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windowspowerplan [2013/04/20 10:15] (current)
sjoerd created
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 += Windows PowerPlan =
 +The windows powerplan is set to balanced by default in Windows Server 2008/R2, but that could seriously impact performance. And, because idle CPUs in virtual environments don't use much power anyway, especially in virtual environments,​ it could be better to change this setting to High Performance:​
 +* Go to the Control Panel -> Hardware -> Choose a power plan
 +* Click on "​Change settings that are currently unavailable"​
 +* Set to "High Performance"​
 += Getting the PowerPlan for Windows with PowerShell =
 +If you want to know the powerplan your servers are running you can use this powershell script:
 +<code powershell>​
 +# Source http://​​blog/​2011/​5/​2/​checking-windows-power-plans-with-powershell.html
 +Function Get-PowerPlan ($Computer)
 +    # Grab the windows version so we know whether to query for the power plan or not
 +    $winver = gwmi -Class win32_OperatingSystem -ComputerName $Computer
 +        # Version 6x is Win7/2008 powerplan not relevant below that
 +        if ($winver.Version.substring(0,​1) -gt 5)
 +        {
 +            $plan = Get-WmiObject -Class win32_Powerplan -Computername $Computer -Namespace root\cimv2\power -Filter "​isActive='​true'"​
 +            $regex = [regex]"​{(.*?​)}$"​
 +            $planGuid = $regex.Match($plan.instanceID.Tostring()).groups[1].value
 +            $PlanType = powercfg -query $planGuid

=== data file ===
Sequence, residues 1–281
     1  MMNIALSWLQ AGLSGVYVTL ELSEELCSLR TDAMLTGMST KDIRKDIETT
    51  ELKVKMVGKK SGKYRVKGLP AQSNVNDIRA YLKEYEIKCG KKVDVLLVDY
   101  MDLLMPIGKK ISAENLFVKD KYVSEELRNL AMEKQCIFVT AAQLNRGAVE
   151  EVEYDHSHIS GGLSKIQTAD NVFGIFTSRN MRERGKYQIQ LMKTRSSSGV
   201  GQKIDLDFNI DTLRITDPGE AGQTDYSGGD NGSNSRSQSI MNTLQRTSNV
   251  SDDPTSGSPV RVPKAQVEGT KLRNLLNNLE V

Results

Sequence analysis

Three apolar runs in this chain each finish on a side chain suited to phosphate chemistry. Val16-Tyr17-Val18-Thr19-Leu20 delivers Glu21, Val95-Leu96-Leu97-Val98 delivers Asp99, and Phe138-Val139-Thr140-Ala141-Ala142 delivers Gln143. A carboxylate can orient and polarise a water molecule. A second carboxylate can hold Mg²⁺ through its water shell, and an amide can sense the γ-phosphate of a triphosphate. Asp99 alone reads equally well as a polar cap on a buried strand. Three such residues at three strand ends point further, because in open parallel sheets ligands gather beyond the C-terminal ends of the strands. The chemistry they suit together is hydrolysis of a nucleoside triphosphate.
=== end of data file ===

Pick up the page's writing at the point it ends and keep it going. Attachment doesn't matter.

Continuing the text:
+            # Grab just the first record which has the actual plan being used
 +            # From that record just grab the actual plan type which is enclosed in parenthesis
 +            $PlanType = $PlanType[0].Substring($PlanType[0].LastIndexOf("​("​)+1) -replace "​\)",​ ""​
 +            # If the plan isn't high performance let's make it stand out
 +            if ($PlanType -ne "High performance"​) { Write-Host $Computer":"​ $PlanType.ToUpper() -foregroundcolor "​Red"​ }
 +            else {  Write-Host $Computer":"​ $PlanType -foregroundcolor "​Green"​ }
 +        }
 +        else
 +        {
 +            # If the Windows version doesn'​t support power plans just let us know
 +            Write-Host $Computer":​ n/a"
 +        }
 +#Based upon a list of machines contained in c:​\temp\serverlist.txt
 +get-content C:​\temp\serverlist.txt | %  {  Get-PowerPlan $_ ; }
 +Note that, if you want to change the powerplan right away the command should be this (works with GUID):
 +powercfg -setactive 8c5e7fda-e8bf-4a96-9a85-a6e23a8c635c
 +And manually query would be:
 +C:​\Users\sjoerd>​powercfg -getactivescheme
 +Power Scheme GUID: 8c5e7fda-e8bf-4a96-9a85-a6e23a8c635c ​ (High performance)
 += Set the PowerPlan through policies =
 +Open gpedit.msc and go to Administrative templates -> System -> Power management and doubleclick the "​Select an Active Power Plan". Enable the policy and select the high performance policy. Save your changes.
 +See [[adpasswordpolicy|here]] on how to create an GPO for your domain so you can set the policy for all of your servers. ​
 += Links =
 +[[http://​​kb/​2207548|Micrsofts KB article]] \\
 +[[http://​​2011/​06/​windows-20082008-r2-default-power-plan-of-balanced-can-increase-latency-and-reduce-throughput/​|A Windows Azure view with some more background information]] \\
 +[[http://​​en-us/​library/​cc748940%28v=ws.10%29.aspx|Powercfg command line options]] \\
 +{{tag>​windows performance scripts gpo}}
windowspowerplan.txt ยท Last modified: 2013/04/20 10:15 by sjoerd